But Lowry said sports stars such as NFL quarterback Tom Brady, who’s 43, and WNBA legends Sue Bird (40) and Diana Taurasi (38) are proof that athletes are aging better than ever. He points both to technology and improved diets and more care around body maintenance by athletes.

“I’ll be honest you guys, like I would tell you if I feel old. I feel great,” he said. “I still amaze myself, like I’m still a young spring chicken. Yeah my age may not say that, but I still move and shake like a young spring chicken.”

Lowry averaged 17.2 points, 7.3 assists and 5.4 rebounds in his 46 games this season. His best game was a 37-point, 11-assist performance in a win over the Los Angeles Lakers on May 3. It was an entertaining night that saw Lowry yapping at a mouthy Lakers fan. It also was the last game he played this season.

Lowry caused great angst amid Raptors fans back at the trade deadline. Many felt he was definitely out the door. But rather than ask for a trade to a playoff contender, he said he “made a commitment” and stuck by it.

“I started the season off and said I wanted to be with these guys … I’m a man of my word. And I trust the decision making of [general manager Bobby Webster] and Masai and they decided not to do it. There was open communication.

“I’m not that guy. I said something in January and I stuck with it. Those guys had the final decision and they made the call not to [trade me]. I roll with what they’ve done the last eight years. I mean I haven’t been happy about all the things they’ve done but I roll with it.”

Lowry, who was excellent in the Raptors’ historic championship run two years ago, made it clear he’s keen to hoist the Larry O’Brien Trophy again.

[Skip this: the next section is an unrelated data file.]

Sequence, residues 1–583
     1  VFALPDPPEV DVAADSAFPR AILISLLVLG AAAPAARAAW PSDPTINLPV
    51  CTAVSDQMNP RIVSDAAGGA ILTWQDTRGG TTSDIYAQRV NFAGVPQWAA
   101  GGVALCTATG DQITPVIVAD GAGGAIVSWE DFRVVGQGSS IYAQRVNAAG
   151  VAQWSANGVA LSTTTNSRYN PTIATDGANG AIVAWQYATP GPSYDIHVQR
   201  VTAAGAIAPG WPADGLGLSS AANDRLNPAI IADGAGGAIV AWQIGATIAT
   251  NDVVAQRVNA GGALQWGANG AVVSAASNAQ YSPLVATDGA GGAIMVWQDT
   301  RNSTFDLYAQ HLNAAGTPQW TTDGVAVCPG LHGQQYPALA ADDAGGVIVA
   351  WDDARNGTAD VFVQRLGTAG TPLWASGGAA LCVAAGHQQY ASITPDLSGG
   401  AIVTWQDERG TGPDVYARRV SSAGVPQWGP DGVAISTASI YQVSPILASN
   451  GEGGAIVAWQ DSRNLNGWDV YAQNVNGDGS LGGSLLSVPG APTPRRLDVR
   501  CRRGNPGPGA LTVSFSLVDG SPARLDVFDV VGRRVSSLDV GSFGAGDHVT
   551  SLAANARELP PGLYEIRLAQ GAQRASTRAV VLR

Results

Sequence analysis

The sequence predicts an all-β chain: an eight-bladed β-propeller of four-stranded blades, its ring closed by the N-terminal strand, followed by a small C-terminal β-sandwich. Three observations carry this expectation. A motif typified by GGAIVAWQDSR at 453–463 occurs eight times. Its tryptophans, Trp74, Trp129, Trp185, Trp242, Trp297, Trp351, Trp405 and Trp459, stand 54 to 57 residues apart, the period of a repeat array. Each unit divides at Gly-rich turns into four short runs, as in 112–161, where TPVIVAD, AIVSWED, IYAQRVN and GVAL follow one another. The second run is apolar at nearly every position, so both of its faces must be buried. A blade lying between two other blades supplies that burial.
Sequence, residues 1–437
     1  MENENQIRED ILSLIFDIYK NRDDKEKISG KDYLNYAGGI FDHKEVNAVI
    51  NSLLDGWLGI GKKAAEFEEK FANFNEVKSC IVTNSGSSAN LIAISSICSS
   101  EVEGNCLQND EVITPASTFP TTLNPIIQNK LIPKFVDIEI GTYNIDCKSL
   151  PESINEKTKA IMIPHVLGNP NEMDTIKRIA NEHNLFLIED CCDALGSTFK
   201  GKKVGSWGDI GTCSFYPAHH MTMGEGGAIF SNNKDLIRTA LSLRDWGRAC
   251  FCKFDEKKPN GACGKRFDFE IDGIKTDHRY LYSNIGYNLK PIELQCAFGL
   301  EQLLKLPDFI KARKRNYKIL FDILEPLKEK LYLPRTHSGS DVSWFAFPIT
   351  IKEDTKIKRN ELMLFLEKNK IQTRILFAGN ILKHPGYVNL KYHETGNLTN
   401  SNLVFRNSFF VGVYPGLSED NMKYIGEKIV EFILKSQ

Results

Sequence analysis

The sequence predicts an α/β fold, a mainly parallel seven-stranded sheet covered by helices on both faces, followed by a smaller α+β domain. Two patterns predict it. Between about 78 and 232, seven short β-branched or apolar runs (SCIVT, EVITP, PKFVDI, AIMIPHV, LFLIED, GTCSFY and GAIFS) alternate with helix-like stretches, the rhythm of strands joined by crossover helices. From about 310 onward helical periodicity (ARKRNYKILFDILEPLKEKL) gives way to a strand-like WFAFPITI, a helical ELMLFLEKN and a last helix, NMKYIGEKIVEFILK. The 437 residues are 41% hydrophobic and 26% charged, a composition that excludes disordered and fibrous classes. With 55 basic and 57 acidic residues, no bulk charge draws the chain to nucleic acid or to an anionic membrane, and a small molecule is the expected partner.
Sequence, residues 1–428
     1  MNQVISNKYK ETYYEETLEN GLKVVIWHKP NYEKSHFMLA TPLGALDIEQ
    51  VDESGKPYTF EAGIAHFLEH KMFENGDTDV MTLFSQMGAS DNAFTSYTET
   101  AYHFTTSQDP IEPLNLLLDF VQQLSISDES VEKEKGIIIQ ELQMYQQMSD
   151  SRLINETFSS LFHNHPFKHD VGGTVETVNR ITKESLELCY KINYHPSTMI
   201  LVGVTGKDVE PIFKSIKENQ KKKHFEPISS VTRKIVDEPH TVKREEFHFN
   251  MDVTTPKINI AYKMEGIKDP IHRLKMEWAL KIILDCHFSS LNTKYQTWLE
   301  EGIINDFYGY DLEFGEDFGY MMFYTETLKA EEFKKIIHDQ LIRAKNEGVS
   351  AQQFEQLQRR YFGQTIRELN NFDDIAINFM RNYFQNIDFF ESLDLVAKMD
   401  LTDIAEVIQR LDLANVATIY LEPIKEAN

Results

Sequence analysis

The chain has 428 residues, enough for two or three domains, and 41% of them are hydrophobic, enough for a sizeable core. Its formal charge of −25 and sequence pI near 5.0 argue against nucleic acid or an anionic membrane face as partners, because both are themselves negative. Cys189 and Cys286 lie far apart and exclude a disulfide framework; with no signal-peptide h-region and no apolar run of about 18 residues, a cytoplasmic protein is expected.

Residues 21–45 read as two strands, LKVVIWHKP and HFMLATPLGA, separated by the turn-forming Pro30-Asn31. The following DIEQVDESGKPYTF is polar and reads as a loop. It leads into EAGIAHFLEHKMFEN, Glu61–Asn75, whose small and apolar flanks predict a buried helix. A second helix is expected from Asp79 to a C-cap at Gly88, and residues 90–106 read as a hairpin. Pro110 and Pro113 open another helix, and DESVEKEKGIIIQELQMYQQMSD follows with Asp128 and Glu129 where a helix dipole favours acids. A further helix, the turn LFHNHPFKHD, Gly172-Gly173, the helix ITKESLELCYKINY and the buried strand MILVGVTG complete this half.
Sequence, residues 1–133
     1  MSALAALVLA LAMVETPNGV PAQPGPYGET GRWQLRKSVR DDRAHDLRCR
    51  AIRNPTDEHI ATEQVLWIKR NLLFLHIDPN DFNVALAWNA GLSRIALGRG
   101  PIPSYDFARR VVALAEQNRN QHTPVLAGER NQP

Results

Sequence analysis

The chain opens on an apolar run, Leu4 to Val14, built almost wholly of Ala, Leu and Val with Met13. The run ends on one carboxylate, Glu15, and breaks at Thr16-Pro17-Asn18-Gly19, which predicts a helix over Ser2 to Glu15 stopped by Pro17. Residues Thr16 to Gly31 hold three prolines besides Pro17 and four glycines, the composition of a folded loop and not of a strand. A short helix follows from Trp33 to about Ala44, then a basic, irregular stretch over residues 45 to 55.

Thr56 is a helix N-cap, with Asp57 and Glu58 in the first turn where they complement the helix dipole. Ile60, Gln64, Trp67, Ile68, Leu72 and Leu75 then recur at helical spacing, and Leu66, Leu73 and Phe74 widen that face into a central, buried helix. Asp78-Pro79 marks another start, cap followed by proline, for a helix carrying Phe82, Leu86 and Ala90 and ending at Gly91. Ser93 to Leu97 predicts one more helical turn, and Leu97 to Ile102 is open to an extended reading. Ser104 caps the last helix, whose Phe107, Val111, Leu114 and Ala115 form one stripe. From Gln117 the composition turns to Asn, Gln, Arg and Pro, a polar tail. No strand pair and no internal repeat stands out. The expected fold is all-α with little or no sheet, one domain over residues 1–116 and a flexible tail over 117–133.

“I want more championships,” Lowry said. “That’s always been the goal. Money comes with that but championships are why I play.”

Free agency isn’t the only significant decision he’ll made in the next few weeks. The guard, who won gold with Team USA at the 2016 Rio Olympics, is in the player pool for this summer’s Tokyo Games.

“I want to represent my country and get another gold medal, [but] me and my internal team will talk about that and see what’s the best decision,” he said. “But to be able to go out there and represent the country and possibly win a gold medal is always high on the list.”

Tuesday’s final question went to CBC Kids News contributor Arjun Ram, who asked “Mr. Lowry” what he’d say to young Raptors fans.

“Thank you. Thank you,” Lowry said, then launched into a long answer. “I know this year hasn’t been … what [fans] are used to. But we played our butts off every opportunity that we could.

“There’s not a day that goes by that we [don’t] say, ‘Man, I wish we were in Scotiabank [Arena] playing in front of our fans.’ There’s not a day that went by that we didn’t wish we were riding down University or coming off the DVP or the Gardiner, going into our home building … [or] practising at our own practice facility. There wasn’t a day where we didn’t wish that we were coming out of a home tunnel, and our fans standing up there, signing autographs. There wasn’t one day where we didn’t think about Jurassic Park.

“We thought about them every single day and thought about the fans every single day.”

This content appears as provided to The Globe by the originating wire service. It has not been edited by Globe staff.